The public perception of a flagship programme to help the unemployed has been damaged due to long-term failings, Waltham Forest Council has admitted.

Despite a large investment over a number of years Worknet has repeatedly failed to meet targets, often helping only a fraction of the people it was supposed to.

But organisations contracted to deliver the scheme often blamed the council for failing to provide adequate support.

And it has now emerged that current contractor Reed has also failed to meet minimum requirements.

A report by council officer Sally Agass to the Environment Overview and Scrutiny Sib Committee states that "the vast majority of clients could not be progressed" up until the end of 2012.

It also revealed the council's "main concern" is that Reed will not be able to perform adequately this year.

This is partly blamed on what is described as "poor quality caseload" from previous contractor Kennedy Scott.

Despite the problems, an audit of Worknet by Deloitte and Touche only found what is described as minor failings in contract management.

In conclusion, Ms Agass said: "As a result of historical issues that have occurred during the delivery of Worknet contracts, in particular early termination of contracts...that have caused a degree of inconsistent delivery, the public perception of Worknet as a brand has been somewhat damaged.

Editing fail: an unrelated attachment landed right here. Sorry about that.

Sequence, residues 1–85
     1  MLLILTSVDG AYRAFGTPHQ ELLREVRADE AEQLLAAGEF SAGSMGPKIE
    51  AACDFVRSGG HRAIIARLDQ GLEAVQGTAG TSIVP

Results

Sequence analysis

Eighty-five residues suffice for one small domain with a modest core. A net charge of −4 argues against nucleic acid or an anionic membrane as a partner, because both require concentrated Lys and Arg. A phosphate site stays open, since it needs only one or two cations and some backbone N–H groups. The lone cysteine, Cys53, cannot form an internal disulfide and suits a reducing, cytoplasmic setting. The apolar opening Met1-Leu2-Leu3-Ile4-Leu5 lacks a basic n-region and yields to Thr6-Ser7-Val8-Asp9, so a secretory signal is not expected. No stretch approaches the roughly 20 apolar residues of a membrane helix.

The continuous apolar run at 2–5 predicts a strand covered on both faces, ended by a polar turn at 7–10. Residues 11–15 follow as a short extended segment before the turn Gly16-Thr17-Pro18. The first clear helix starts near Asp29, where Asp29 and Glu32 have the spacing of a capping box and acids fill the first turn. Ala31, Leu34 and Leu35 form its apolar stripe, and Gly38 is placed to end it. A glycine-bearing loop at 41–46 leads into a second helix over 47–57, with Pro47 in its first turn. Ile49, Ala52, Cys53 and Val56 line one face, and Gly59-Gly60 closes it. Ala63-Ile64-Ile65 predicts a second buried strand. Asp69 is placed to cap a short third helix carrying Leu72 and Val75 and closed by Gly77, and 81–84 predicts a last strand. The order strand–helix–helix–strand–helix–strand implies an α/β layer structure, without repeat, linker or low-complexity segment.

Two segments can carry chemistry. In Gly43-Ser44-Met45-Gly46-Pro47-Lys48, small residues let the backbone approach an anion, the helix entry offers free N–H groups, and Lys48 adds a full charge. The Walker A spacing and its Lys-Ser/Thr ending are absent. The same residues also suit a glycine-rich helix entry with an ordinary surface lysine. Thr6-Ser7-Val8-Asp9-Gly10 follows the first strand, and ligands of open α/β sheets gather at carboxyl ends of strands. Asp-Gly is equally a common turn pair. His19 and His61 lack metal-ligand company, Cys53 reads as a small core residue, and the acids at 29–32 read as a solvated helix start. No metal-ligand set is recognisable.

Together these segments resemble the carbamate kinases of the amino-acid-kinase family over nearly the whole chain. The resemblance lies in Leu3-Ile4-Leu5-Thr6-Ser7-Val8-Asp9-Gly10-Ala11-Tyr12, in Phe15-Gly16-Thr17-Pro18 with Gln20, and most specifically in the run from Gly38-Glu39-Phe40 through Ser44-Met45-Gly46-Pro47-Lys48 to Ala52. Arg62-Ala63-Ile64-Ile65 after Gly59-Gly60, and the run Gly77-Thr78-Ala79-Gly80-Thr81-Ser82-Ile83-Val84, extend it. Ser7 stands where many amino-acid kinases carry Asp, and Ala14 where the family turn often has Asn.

"We are currently considering whether or not to continue using the Worknet brand."

A committee of councillors has been established to investigate what went wrong with the programme.

Performance on Worknet contracts are reported to Hackney Council as the lead borough on Olympics-related employment schemes.

Police recently decided to drop a criminal investigation into charity O-Regen, which had close ties to Waltham Forest Council and was contracted to deliver jobs under Worknet.

The probe was launched after a complaint of fraud by Hackney Council, which is considering legal action over the issue.

Worknet's problems come as further embarrassment to Waltham Forest Council after historic failings relating to money earmarked to help the borough's most vulnerable people.

An independent review found widespread, long-term mismanagement of money intended to help poor areas resulting in little evidence that anyone was helped.

The council has never revealed whether anyone was disciplined or sacked due to the failings.